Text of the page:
HONOLULU (AP) It's easy to spot the teenagers at the Sony Open.
They're the ones who never seem to leave Waialae, lingering on the practice range or putting green, the dining room or locker room. They're the ones trying to soak up every minute of their PGA Tour experience.
Tadd Fujikawa should be used to this by now, but he had reason to leave the club three hours after his second round ended in near darkness. He was celebrating his first PGA Tour cut as a pro with dinner at an oceanfront hotel.
Ten hours later, he was back at Waialae on Saturday with the same big smile, ready to get back to work.
"Nice going, Tadd," Ryuji Imada said to him, slapping hands as they passed each other in the locker room.
This is nothing new.
Two years ago, when he was 16, Fujikawa shot a 66 in the second round and became the youngest player in 50 years to make the cut on the PGA Tour. He tied for 20th at the Sony Open, then decided to turn pro that summer.
It looked like another poor decision, especially at a time when Michelle Wie was in a free fall and Ty Tryon was MIA.
Fujikawa, however, comes from a meager background and couldn't afford too many trips to the mainland. He took sponsor exemptions while his name was still in the news, but it wasn't long before he became old news. He missed the cut in all six of his PGA Tour starts, three times on the European tour and was 2-for-4 in cuts made on the Japanese tour. His highest finish was a tie for 48th in The Crowns.
Including his victory in the Mid-Pacific Open, Fujikawa's total earnings on the course are just under $20,000.
Asked at the start of the week if he had any regrets, the 5-foot-1 high school senior quickly shook his head and smiled. It is rare when he doesn't smile.
"We probably wouldn't have too much money to travel and stuff," he said. "It would have been tough. I wouldn't have the opportunity to play as many tournaments as I did if I stayed an amateur."
His plan the rest of the year is to graduate in May, then perhaps play the Tar Heel Tour or some other smaller circuit. Just like Wie when she was in high school, he is hurt by a schedule that precludes him from gaining momentum and building confidence.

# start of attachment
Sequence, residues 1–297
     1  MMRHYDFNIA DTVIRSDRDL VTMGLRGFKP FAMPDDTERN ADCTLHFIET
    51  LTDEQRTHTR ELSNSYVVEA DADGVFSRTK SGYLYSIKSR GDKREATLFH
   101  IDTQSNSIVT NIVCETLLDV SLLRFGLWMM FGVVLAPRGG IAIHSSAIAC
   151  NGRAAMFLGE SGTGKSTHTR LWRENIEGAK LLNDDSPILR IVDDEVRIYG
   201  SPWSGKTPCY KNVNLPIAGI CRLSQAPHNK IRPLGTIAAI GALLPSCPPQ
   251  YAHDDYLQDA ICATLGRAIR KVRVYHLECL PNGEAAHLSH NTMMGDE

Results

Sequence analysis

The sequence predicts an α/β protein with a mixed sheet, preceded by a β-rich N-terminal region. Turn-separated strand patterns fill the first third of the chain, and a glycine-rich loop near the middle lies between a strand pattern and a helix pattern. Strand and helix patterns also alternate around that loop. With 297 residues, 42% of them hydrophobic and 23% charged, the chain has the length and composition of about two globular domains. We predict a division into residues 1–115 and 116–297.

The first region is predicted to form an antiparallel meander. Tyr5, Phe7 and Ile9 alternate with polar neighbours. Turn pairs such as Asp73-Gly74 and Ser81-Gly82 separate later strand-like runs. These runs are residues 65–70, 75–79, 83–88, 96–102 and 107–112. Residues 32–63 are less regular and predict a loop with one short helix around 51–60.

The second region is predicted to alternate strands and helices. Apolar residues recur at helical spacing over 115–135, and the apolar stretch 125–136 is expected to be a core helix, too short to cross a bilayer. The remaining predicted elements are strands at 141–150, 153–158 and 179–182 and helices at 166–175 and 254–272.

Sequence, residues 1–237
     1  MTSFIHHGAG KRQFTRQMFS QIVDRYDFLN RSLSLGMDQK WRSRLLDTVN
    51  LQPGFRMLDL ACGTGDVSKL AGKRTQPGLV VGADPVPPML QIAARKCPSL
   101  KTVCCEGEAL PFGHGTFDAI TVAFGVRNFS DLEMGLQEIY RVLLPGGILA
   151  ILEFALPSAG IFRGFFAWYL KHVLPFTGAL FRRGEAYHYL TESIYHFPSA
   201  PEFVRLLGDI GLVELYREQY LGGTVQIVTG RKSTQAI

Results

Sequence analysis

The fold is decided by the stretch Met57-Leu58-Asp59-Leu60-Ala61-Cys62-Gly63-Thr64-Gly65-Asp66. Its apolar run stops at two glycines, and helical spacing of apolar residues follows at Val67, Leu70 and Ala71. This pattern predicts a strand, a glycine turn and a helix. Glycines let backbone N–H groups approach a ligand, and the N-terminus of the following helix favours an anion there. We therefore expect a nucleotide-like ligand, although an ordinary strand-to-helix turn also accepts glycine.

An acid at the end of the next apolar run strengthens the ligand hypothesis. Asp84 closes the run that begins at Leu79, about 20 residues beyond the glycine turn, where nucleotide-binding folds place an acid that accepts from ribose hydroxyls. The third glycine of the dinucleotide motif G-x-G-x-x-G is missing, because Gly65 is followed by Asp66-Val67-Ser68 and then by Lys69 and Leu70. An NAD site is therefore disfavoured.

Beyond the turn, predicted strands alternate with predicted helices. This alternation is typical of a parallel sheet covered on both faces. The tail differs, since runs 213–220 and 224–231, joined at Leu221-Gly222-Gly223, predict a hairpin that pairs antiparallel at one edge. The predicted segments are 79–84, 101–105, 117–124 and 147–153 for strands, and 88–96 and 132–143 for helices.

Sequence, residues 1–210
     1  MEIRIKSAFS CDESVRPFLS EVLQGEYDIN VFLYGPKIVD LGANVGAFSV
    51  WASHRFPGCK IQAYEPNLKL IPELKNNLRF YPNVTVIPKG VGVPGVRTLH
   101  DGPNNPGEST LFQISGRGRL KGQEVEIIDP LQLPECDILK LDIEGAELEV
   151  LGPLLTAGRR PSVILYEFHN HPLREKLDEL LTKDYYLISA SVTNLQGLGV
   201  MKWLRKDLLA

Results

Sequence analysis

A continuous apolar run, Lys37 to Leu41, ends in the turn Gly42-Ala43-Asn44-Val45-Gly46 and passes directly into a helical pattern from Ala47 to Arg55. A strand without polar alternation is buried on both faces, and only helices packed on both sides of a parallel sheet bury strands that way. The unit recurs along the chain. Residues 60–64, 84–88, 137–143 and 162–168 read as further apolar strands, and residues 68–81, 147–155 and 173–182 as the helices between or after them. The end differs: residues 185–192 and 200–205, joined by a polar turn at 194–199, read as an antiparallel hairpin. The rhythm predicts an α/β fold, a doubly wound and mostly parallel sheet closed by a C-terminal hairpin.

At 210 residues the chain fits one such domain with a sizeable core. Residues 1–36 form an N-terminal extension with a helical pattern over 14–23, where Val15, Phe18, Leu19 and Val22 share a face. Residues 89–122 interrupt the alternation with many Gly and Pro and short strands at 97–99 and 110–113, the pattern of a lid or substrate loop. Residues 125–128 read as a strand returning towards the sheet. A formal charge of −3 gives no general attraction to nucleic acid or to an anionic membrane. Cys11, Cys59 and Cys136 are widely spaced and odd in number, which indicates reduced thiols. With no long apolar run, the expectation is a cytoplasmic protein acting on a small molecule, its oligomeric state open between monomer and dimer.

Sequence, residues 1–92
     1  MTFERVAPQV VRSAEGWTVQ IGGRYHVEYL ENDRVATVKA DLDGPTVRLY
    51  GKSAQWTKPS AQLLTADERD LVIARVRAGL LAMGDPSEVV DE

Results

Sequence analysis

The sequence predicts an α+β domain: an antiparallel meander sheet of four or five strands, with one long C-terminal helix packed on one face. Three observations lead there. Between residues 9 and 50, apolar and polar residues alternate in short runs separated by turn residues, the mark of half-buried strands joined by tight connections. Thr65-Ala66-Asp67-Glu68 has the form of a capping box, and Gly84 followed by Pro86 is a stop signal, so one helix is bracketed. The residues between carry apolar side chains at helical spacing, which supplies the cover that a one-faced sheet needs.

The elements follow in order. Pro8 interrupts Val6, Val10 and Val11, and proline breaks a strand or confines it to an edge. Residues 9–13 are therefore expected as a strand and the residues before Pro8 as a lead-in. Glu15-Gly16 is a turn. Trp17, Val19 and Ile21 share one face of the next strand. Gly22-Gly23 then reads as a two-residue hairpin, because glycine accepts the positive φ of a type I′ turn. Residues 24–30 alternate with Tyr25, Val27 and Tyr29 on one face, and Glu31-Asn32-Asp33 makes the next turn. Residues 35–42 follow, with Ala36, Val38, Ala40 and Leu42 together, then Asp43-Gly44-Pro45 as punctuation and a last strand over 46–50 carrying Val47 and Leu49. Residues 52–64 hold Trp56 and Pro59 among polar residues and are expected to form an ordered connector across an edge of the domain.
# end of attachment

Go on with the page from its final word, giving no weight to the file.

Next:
But of all the experiences, this month might have provided the best.
Fujikawa, who grew up on municipal courses in Honolulu and is among the biggest draws at Waialae, did not receive a sponsor's exemption. He had to go through a pre-qualifying round Sunday at Turtle Bay, then the Monday qualifier for one of four spots.
He noticed the difference between a handout and earning his way into the field.
"The exemptions are good, and it's an easy way to get in for me," he said. "But the respect that I get from the other players, it's a little different when you Monday qualify. That's kind of the vibe that I've gotten from the players. It's a good vibe. I really like it. It was an awesome feeling. Earning my way in and then making the cut is even better."
When he arrived Saturday morning, he had a green-and-white carry bag from Sea Island, where swing coach Todd Anderson lives. It was the bag he used during his two rounds of qualifying.
"Good memories," he said.
Among those on the range Saturday morning was former Ryder Cup captain Paul Azinger, who congratulated Fujikawa for his good play over two rounds of sometimes wet and constantly windy conditions.
Azinger said players have more respect for someone who goes through qualifying, but it matters most to the guy who earned it.
"It's like someone who spends four hours putting, and then stands over a 4-foot putt that he absolutely has to make," Azinger said. "You can say, 'I practiced for four hours to make a putt like this and I deserve to make this.' Or you can say, 'I practiced for four hours to make a putt like this, and I better not miss it.'
"In a situation like that, I always felt like I earned the right to make the putt," he said. "And I'm sure that's how Tadd felt about his game. He worked hard, and that dude should be proud. Because it wasn't easy out here."
Fujikawa was on the cut line after nearly driving onto the street next to Waialae on his 15th hole. He knuckled down with drives that split the middle of the fairway, made easy pars, then finished with a two-putt birdie for a 69 to make the cut with one shot to spare.
Provided he doesn't get disqualified Sunday, he will cash his first PGA Tour check. His goal on the weekend was no different from other players - post the lowest score possible and try to move up the leaderboard.
"Two years ago, my expectation was to make the cut, but this year I'm out there to win," he said. "I know I can do it, and I think what I've done with my game, and the improvements I've made, hopefully by next year I can get my card and be on my way."